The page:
VMware software provides a completely virtualized set of hardware to the guest operating system. Virtualization is a technique used to implement a certain kind of virtual machine environment: one that provides a complete simulation of the underlying hardware. The result is a system in which all software capable of execution on the raw hardware can be run in the virtual machine. In this way you are able to run several Operating Systems on a single computer.
Virtualization separates an operating system from the underlying platform resources. There are two freeware products from VMware: VMware Player and VMWare Server. They are both “hosted” applications, which runs within an existing Linux or Windows operating system.
- VMware Player is provided as freeware. It can run, but not create, virtual machines
- VMware Server is provided as freeware. It is possible to create virtual machines with it.
To log in to VMWare Server 2.0, users will have to access https://localhost:8333/ui/ or http://localhost:8222/ui/ for non-secure connection (the URL may takes the form of your computer name). This will open the VMware Infrastructure (VI) Web Access management interface, which is VMWare Server Console. VMWare Server 2.0 installed Tomcat as web server in the background.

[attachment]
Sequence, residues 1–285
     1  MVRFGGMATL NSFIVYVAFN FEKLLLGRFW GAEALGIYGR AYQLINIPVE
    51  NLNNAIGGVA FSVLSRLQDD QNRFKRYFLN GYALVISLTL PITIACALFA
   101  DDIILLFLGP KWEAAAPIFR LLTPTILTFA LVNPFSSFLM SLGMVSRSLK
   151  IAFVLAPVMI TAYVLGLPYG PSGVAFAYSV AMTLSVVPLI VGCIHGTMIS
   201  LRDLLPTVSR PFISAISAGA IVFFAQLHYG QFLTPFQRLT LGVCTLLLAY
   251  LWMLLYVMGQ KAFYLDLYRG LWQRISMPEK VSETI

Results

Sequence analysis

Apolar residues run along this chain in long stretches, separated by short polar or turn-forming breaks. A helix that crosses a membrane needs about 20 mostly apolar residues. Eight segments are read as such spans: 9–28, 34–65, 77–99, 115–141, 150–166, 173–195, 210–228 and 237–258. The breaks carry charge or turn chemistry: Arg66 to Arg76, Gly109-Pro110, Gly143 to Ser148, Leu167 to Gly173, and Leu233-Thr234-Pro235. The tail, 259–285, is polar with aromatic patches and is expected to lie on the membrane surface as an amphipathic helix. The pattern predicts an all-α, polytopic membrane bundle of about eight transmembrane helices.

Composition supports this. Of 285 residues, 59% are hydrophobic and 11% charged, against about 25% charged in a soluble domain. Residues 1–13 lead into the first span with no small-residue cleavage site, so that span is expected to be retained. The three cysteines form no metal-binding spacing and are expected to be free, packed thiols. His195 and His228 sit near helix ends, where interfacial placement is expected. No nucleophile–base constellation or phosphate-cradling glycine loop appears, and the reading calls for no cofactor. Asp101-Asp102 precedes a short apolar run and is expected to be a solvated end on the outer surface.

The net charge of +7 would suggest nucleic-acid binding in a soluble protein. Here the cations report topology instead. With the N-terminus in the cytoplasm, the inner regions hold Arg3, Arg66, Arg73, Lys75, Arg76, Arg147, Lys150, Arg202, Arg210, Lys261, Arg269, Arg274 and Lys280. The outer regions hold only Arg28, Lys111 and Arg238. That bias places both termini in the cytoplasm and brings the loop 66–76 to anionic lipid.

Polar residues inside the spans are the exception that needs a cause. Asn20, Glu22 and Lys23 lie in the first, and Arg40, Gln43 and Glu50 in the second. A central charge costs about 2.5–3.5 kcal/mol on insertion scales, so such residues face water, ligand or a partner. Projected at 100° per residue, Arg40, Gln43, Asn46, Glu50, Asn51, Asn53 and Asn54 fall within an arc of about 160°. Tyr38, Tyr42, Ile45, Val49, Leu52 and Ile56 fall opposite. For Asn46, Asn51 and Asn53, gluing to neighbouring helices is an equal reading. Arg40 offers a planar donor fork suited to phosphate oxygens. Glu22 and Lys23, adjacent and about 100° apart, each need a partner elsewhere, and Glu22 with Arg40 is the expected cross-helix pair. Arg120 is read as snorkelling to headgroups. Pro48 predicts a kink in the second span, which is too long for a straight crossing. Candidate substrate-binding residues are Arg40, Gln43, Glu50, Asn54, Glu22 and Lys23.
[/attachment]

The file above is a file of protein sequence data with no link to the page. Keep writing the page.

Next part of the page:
VMWare Infrastructure Web Access (VMWare Server 2.0) uses user account of the operating system, i.e Windows XP, Windows Vista, Windows Server 2003, Windows Server 2008 and Linux distro. So to login to VMWare Server 2.0 Web Console, logon with an administrative account’s user name of Windows or Linux (Administrator or root) and the corresponding password. Note the password is a must. In Windows, most built-in Administrator account does not have password by default even after been enabled, and so a password must be assigned.
VMware ESXi is antoher free product from VMware. This is an “unhosted” application, which runs without an existing Linux or Windows operating system (OS-independent). VMware ESXi is built on the same proven technology as VMware ESX, so it’s powerful enough to run even the most resource intensive applications and trusted enough for critical deployments. VMware ESX and ESXi Comparison
VMware ESXi is delivering greater performance than VMware Server, just as VMware ESX does. VMware ESXi differentiates itself from VMware ESX, because the Service Console is removed, and replaced with a minimal BusyBox installation, thus reducing the memory footprint, and the ability to manage the system directly from the console.